One of the most popular sneaker releases over the past few years, the Fragment x Air Jordan 1 Retro is nearly impossible to obtain without breaking the bank. Some even love the collab so much that they're having other Air Jordans customized to fit its motif. Customizer Mache recently unveiled a Fragment x Air Jordan 3 Retro project he worked on, carrying the white, black and royal panels over to the model. It doesn't appear that the embossed bolt was used on the custom.
As he'll tell you, Marshawn Lynch is about that action, even when he's on the sidelines. Last week, "Beast Mode" went viral after he was spotted going dumb on the jumbotronÂ at the Oakland Coliseum, hyping up the crowd with Vell's "Oakland" blaring on the sound system. Lynch, an Oakland native, returned from a one-year retirement this season to fulfill a lifelong dream of suiting up in silver and black.
The next phase of Jimmy Butler's career is underway in Minnesota, where he'll lead a young Timberwolves team with high expectations this season. Officially back in business, Butler and his teammates reported to work on Friday, when the team held its Media Day session. A member of Jordan Brand since 2015, Butler posed for pictures in a never-before-seen "Triple Black" colorway of the Air Jordan 32 Low. The model is expected to debut in the classic "Bred" scheme on Oct. 18.
Muck Rack makes it simple to find people, tweets, or articles that mention any name, keyword, company, hashtag etc. We've compiled this guide to help you make the most of your search.
Selecting a term
Start searching tweets, articles from media outlets, articles mentioned in tweets, journalists'
names, titles and bios with some suggested searches:
Companies or Topics (e.g. iPhone, Microsoft)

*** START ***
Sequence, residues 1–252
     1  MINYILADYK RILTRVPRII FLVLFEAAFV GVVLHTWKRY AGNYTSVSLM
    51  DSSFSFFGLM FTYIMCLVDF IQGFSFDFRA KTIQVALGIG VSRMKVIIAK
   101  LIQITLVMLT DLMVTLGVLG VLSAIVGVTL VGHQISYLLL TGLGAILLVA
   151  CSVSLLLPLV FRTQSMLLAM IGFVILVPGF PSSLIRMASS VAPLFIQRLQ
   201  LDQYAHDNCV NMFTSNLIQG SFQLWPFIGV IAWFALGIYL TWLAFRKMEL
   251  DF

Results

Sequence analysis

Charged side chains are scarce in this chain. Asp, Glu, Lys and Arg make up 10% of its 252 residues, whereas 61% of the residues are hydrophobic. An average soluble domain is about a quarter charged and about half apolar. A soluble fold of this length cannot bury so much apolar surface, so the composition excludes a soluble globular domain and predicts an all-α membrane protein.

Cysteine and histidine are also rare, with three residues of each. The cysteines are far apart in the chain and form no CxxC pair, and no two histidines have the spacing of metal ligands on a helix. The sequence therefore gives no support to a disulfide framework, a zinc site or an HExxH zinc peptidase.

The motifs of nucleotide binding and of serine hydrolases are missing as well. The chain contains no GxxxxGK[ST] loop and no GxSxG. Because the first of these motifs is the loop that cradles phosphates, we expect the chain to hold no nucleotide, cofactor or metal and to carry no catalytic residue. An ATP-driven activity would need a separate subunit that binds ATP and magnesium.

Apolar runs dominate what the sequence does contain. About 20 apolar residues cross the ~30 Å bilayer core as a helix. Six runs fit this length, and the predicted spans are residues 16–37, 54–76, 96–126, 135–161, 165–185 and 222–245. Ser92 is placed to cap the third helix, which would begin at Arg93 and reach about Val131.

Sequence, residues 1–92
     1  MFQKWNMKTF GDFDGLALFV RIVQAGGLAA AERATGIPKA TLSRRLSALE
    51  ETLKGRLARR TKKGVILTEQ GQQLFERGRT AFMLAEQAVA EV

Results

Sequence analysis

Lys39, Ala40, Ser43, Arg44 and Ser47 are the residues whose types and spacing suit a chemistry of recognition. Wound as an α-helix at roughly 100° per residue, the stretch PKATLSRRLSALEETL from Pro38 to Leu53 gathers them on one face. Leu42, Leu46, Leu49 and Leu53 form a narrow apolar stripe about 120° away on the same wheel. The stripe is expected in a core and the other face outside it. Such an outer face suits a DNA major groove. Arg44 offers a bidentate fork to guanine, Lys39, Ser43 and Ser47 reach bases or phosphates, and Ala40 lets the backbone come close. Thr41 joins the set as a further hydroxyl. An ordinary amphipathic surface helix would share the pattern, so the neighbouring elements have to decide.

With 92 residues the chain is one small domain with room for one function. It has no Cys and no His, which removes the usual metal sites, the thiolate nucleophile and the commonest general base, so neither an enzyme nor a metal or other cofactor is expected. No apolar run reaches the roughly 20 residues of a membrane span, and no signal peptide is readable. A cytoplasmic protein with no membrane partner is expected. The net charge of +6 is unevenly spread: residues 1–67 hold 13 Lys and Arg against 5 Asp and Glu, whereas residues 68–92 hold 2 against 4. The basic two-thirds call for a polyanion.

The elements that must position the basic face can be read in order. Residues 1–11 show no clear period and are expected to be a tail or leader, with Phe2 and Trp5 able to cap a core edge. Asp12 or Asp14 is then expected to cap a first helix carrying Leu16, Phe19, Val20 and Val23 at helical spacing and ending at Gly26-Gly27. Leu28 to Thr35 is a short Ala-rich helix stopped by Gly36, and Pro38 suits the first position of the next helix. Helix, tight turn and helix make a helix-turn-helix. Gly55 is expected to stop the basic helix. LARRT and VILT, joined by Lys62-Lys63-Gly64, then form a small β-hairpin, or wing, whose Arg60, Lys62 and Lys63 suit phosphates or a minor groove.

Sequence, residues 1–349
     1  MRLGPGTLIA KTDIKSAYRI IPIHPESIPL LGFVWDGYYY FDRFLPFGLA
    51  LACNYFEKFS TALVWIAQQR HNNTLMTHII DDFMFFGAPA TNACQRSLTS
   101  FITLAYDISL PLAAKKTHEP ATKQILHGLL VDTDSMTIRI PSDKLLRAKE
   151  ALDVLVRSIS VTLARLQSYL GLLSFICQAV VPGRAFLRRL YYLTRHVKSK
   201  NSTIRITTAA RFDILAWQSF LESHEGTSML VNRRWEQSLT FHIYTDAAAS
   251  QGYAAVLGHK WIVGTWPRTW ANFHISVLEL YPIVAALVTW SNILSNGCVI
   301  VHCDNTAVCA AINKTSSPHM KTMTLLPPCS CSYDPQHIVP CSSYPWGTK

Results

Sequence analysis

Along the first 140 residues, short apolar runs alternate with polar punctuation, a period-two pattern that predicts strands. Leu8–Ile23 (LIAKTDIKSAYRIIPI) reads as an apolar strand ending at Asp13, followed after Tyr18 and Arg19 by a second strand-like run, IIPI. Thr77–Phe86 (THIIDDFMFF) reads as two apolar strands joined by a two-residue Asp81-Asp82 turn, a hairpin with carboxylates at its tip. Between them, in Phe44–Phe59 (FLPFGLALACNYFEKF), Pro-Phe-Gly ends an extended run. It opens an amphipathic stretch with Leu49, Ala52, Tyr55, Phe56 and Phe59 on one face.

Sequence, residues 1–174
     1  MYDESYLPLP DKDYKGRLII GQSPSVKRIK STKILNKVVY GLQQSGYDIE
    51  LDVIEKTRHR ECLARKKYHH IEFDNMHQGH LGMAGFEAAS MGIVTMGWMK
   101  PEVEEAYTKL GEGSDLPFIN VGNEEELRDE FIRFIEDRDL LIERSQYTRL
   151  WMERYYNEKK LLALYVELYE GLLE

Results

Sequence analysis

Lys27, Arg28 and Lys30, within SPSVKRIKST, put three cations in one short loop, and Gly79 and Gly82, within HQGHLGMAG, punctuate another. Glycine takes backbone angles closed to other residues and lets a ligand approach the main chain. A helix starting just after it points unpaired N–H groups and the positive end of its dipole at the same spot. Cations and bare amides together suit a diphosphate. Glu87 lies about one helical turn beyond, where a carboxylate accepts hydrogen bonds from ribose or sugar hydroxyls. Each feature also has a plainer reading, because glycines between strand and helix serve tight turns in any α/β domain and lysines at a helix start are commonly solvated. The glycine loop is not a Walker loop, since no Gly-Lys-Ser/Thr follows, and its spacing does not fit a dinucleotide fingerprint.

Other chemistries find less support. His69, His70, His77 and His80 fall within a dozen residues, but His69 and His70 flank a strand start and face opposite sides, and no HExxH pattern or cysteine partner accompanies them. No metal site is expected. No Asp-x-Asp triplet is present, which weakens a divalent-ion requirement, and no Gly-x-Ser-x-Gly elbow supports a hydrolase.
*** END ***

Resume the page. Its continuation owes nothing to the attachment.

Phrases (e.g. "cloud computing") — use quotes to keep the terms together
Twitter handles (e.g. @username) — returns those who have mentioned or replied to
Names (e.g. "David Pogue")
Hashtags (e.g. #sxsw, #london2012)
Bio details (e.g. vegan, Olympics, father)
Muck Rack's Advanced Search allows for many boolean operators.
Find results that mention multiple specified terms, use AND or
+. For example, ensure each result contains both Elon Musk and Mark Zuckerberg by
searching Obama AND Romney or Obama + Romney.
Use the operators OR or , to broaden your search when you'd like either of
multiple terms to appear in results. (This is the default behavior of our search when no operators
are used.) For example, search for democrat OR republican to find results that refer to
Democrats and/or Republicans.
Use NOT or - to subtract results from your search. For
example, searching Disney will yield results about the Walt Disney Company as well as Walt Disney
World Resort. To exclude mentions of Disney World, search for Disney -World or Disney
When using one of these operators with a phrase, enclose it in quotation marks. For example, you can
find results about smartphones excluding Apple's iPhone 4S by searching smartphone -"iPhone
Exact case matching or punctuation
If you're searching for a brand name or keyword that relies on specific punctuation marks or capitalization, you can
find results that match your exact query by adding matchcase: before the keyword you're searching for, like matchcase:E*TRADE .
Use parentheses to separate multiple
boolean phrases. For example, to find journalists talking about having fun in Disney World or
Disneyland, search for ("disney world" OR disneyland) AND fun.
An asterisk can be used to search for any variation of a root word truncated by the asterisk. For example, searching for admin* will return results for administrator, administration, administer, administered, etc.
A near operator is an AND operator where you can control the distance between the words. You can vary the distance the near operation uses by adding a forward slash and number (between 0-99) such as strawberries NEAR/10 "whipped cream", which means the strawberries must exist within 10 words of "whipped cream".